A beacon of urban renewal

Updated: 2012-04-15 07:37

(The New York Times)

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 A beacon of urban renewal

La Tour Bois-le-Pretre was retrofitted at half the cost of tearing it down and rebuilding. Before, left, and after.

PARIS - Sheathed in new glass balconies and corrugated aluminum panels, La Tour Bois-le-Pretre rises amid decaying cement-and-brick housing blocks.

The tower's makeover, by a team of local architects, is a case study in architectural ingenuity and civic rejuvenation. Instead of replacing the old tower, the designers saw what was worthwhile and added to it.

Retrofitting, it's called. The practice is not common when it comes to large public housing projects. But there have been a few successes. This is one.

Poor neighborhoods on the outskirts of Paris are, as in many cities, dominated by these much-maligned projects from the 1960s and '70s. In Sevran, one of the poorest, hit hard by the rioting that spread across France in 2005, unemployment hovers around 40 percent among the young there. There was a shooting in a kindergarten last year.

French policy favors demolishing Sevran's housing projects. Several have come down, replaced by community gardens, sports fields, new housing and a school. More await destruction.

A beacon of urban renewal

President Nicolas Sarkozy has proposed a vast extension of the Paris subway system, to link the city center with dozens of alienated suburbs like Sevran, along with new commercial districts. Employment and growth depend on better access to public transit.

Stephane Gatignon, Sevran's mayor, said: "Urban renovation alone can't solve our problems of unemployment and drugs. But it at least gives us the opportunity to live with more dignity." So it is with La Tour Bois-le-Pretre.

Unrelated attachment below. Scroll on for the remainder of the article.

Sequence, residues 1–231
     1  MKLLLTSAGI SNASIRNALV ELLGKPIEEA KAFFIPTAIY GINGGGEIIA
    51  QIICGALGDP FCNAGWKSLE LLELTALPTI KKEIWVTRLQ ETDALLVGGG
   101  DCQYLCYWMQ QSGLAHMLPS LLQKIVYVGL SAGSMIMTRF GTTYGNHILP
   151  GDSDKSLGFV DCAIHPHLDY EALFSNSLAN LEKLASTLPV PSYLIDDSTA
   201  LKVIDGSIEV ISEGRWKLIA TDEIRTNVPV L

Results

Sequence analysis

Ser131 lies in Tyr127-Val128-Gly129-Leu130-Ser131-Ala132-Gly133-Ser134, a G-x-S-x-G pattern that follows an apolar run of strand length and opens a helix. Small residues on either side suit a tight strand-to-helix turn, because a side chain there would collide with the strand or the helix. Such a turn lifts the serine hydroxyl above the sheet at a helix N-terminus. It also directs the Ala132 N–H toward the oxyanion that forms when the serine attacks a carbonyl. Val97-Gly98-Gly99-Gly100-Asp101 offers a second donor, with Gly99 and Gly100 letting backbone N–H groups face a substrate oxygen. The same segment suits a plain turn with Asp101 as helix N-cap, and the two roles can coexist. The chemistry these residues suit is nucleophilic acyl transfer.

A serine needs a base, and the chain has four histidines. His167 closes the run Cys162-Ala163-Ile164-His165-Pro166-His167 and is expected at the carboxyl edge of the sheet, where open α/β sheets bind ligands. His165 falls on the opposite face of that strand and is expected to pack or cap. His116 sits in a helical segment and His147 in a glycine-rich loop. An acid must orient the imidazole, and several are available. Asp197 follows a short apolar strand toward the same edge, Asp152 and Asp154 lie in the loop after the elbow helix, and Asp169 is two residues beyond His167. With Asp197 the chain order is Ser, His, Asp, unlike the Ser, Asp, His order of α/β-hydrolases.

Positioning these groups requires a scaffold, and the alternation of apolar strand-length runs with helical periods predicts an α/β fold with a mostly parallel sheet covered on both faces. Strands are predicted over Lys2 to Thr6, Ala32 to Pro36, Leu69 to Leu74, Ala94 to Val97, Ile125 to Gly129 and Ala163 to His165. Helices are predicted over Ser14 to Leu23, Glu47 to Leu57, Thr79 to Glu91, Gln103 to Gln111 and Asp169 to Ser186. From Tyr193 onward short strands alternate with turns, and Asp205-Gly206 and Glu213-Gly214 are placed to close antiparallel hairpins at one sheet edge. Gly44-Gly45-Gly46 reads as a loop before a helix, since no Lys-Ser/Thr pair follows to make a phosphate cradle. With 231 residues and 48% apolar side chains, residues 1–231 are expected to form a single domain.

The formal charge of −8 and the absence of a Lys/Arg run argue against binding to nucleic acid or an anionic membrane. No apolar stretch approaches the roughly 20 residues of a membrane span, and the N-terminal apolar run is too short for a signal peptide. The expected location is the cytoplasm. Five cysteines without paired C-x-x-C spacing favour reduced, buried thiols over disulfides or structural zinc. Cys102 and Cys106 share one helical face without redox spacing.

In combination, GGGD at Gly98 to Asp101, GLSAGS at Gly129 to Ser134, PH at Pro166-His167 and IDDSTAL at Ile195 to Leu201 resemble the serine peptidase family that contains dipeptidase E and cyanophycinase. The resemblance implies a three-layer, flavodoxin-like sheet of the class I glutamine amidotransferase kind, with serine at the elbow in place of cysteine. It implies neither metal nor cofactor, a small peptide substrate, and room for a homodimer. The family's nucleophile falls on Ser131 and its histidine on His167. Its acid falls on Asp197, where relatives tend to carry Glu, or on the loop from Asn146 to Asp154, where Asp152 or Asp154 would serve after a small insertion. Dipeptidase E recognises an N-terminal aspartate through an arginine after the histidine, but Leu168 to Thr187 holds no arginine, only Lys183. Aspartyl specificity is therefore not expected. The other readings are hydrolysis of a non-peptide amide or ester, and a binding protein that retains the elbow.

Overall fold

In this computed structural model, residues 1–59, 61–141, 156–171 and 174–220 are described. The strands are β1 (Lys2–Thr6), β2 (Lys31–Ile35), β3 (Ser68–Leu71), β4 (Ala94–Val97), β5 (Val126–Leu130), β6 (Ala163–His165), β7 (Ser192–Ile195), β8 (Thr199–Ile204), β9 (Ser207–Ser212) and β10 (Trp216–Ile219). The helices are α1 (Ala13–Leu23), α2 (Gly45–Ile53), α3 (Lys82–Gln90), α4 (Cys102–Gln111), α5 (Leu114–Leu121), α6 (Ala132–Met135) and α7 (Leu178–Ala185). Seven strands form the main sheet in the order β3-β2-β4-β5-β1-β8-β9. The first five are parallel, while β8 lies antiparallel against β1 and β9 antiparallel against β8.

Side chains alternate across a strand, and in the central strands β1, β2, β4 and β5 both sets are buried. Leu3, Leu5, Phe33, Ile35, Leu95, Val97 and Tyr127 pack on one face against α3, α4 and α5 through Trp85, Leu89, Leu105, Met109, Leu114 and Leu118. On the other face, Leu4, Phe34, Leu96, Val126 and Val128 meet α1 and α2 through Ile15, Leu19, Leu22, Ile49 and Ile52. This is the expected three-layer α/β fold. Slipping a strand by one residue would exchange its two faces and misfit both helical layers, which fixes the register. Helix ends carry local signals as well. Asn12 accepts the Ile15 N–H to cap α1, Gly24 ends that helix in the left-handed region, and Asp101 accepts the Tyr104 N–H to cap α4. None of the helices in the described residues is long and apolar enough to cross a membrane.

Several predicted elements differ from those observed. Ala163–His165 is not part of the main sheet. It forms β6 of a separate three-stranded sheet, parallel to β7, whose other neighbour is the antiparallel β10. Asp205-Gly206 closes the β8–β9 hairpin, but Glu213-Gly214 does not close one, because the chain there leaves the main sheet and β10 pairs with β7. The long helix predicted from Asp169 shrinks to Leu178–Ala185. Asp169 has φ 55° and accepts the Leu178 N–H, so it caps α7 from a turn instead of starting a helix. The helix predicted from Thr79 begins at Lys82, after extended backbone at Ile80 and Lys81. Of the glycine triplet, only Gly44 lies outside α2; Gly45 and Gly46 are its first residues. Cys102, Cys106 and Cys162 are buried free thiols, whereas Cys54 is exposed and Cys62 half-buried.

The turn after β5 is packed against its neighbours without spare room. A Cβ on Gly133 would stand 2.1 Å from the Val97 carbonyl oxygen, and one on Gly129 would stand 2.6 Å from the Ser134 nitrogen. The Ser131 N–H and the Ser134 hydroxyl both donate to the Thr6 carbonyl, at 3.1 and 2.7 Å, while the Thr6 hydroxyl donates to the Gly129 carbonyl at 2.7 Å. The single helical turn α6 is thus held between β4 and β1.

The decaying tower, opened in 1961, was a candidate for demolition, but tenants didn't want to lose their homes. So Paris Habitat, the Paris Office for Public Housing, organized a competition in 2005. The challenge: to repair the infrastructure, upgrade the common spaces and its exterior, and - most radical - add light and space to dark, cramped apartments, without changing the footprint of the building.

Oh, and to spend less money than the cost of tearing the building down and then rebuilding.

Frederic Druot, Anne Lacaton and Jean-Philippe Vassal won with a novel approach.

They would create a shell to envelop the 16-story building. This would extend the apartment floor slabs to add winter gardens, or solariums, and balconies, to bring in lots of light and increase the size of all 96 apartments.

A beacon of urban renewal

The proposal included a new lobby; new elevators, kitchens and bathrooms; and many new floor plans. And the tenants wouldn't need to move out for months, or years. This was crucial, because people removed from their homes for long stretches tend not to want to return. The entire retrofit would take less than two years.

The new winter gardens and balconies would be added using prefabricated modules erected like scaffolding around the outside. Punching through the old facade to connect these modules to the apartments would take only one day per apartment, giving residents a new, much larger home, with floor-to-ceiling glass doors opening onto glassed-in winter gardens that gave way to balconies with panoramic views.

And the bill? Little more than half of what demolition and rebuilding would have cost: $15 million, versus $26 million.

The building seems elegant and airy. One tenant griped about the broken elevator, another about the kids who gather in the halls, now full of windows. Sister Ann-Marie Mevellec complained that her kitchen was too small; she missed her old loggia, where she grew vegetables. But she conceded the building was on the whole better. Energy costs have been cut by 60 percent. One tenant, Marie-Jean Benjamin, said, "I'm proud of the building."

The corrugated plastic windows look smart, lower costs and provide privacy. But they also obscure tenants' views.

Those shimmering aluminum panels that cover parts of the facade change color with the hours. But they're hard to keep clean. "We could have done something playful and fashionable on the outside, to look better, if we had put just a few balconies here and there," Ms. Lacaton said. "But our priority was improving the living conditions for everyone."

They have, adding an exemplary landmark to the Paris skyline.

The New York Times

(China Daily 04/15/2012 page12)